Microsoft’s GitHub co-pilot sued for ‘software piracy on an unprecedented scale’

“Microsoft’s GitHub Copilot is being sued a class action which claims that the AI ​​product is committing software piracy on an unprecedented scale”, reports IT professional.

Programmer/designer Matthew Butterick filed the case Thursday in San Francisco, saying it was on behalf of millions of GitHub users potentially affected by the $10-a-month Copilot service:

The lawsuit seeks to challenge the legality of GitHub Copilot, as well as the OpenAI Codex that powers the AI ​​tool, and was filed against GitHub, its owner Microsoft, and OpenAI….” By training their AI systems on public GitHub repositories (although based on their public statements, possibly much more), we argue that the defendants violated the legal rights of a large number of creators who posted code or other works under certain open source licenses on GitHub,” Butterick said.

These licenses include a set of 11 popular open source licenses that all require author name and copyright attribution. This includes the MIT License, the GNU General Public License, and the Apache License. The case claimed that Copilot was violating and removing these licenses offered by thousands, if not millions, of software developers, and therefore committing software piracy on an unprecedented scale.

Copilot, which runs entirely on Microsoft Azure, often simply replicates code that can be traced back to open source repositories or licensees, according to the lawsuit. The code never contains attributions to the underlying authors, which is in violation of the licenses. “It’s not fair, allowed, or justified. Rather, Copilot’s goal is to replace a huge swath of open source by taking it and keeping it inside a GitHub-controlled paywall. ..” Additionally, the case stated that the defendants also violated GitHub’s terms of service and privacy policies, DMCA code 1202 which prohibits the removal of copyright management information, and the California Consumer Privacy Act.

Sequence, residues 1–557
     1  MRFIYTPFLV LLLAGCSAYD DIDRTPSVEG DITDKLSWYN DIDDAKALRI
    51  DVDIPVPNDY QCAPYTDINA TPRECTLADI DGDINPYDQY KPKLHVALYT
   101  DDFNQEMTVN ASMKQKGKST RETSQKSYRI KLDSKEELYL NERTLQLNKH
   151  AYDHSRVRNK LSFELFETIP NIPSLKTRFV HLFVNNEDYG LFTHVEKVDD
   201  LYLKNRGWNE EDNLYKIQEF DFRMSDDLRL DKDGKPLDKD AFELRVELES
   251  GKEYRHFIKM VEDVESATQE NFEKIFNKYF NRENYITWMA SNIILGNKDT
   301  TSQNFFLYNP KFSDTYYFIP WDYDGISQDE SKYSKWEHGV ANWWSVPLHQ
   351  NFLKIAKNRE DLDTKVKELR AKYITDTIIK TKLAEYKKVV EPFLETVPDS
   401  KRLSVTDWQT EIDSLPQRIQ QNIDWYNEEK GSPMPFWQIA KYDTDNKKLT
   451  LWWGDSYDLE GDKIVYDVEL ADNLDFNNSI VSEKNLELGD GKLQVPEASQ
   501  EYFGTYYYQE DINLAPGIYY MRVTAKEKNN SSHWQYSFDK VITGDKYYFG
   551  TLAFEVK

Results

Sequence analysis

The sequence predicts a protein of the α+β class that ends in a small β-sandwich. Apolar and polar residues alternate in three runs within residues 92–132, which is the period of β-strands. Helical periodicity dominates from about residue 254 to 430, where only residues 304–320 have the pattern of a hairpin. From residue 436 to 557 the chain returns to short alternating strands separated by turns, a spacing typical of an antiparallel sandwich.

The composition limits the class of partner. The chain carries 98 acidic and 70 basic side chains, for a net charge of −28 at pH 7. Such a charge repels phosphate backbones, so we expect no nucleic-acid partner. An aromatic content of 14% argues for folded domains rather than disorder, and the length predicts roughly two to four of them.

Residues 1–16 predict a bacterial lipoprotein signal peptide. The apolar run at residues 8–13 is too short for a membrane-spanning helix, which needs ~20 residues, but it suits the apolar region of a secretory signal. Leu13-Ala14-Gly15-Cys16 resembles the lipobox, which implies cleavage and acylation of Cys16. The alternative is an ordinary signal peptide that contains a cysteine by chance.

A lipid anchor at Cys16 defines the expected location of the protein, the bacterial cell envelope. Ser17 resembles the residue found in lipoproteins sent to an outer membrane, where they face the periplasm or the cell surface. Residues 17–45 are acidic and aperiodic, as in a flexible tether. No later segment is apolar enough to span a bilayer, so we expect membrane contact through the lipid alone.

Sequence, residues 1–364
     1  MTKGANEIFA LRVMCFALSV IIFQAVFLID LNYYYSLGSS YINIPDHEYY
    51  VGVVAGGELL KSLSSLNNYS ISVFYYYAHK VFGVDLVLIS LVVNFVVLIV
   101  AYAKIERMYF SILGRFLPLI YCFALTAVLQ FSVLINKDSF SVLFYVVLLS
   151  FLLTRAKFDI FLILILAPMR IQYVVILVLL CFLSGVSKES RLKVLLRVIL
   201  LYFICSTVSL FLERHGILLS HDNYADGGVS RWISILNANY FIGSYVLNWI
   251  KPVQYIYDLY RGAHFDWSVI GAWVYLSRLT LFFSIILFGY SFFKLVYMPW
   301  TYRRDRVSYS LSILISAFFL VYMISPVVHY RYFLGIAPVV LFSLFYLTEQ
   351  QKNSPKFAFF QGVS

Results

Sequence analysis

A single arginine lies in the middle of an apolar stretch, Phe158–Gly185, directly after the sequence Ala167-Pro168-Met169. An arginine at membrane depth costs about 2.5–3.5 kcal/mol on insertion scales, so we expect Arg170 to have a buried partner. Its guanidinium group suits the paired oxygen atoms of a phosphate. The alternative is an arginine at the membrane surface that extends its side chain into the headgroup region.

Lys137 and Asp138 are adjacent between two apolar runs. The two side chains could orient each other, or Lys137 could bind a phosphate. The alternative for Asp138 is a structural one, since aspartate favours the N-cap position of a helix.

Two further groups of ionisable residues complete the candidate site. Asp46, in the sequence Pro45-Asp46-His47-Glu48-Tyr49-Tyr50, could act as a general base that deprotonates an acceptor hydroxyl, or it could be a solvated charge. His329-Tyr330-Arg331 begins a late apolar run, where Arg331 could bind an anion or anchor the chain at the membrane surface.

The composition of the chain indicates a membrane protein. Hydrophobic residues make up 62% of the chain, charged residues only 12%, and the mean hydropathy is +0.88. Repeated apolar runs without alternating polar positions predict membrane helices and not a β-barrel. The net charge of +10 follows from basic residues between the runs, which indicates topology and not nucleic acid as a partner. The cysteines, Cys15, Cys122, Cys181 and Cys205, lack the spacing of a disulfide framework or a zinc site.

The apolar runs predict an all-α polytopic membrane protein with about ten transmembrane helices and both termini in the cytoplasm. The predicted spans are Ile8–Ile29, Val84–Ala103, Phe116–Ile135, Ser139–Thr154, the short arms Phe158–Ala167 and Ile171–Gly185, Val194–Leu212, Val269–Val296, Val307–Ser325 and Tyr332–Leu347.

The lawsuit also accuses GitHub of monetizing code from open-source programmers, “despite GitHub’s pledge never to do so.”

And Butterick supported IT Professional that “AI systems are not exempt from the law… If companies like Microsoft, GitHub and OpenAI choose to ignore the law, they shouldn’t expect us, the public, to stand still .” Butterick thinks AI can only uplift humanity if it’s “fair and ethical for everyone. If it’s not…it will just become another way for the privileged few to profit from the work of the greatest.” number”.

Reached for comment, GitHub pointed out IT Professional to their Monday announcement that next year suggested code snippets will come with the ability to identify when it matches another publicly available code – or a code to which it is similar.

The article adds that this lawsuit “comes at a time when Microsoft is considering developing the Copilot technology for use in similar programs for other job categories, such as office work, cybersecurity or video game design. , according a Bloomberg report.”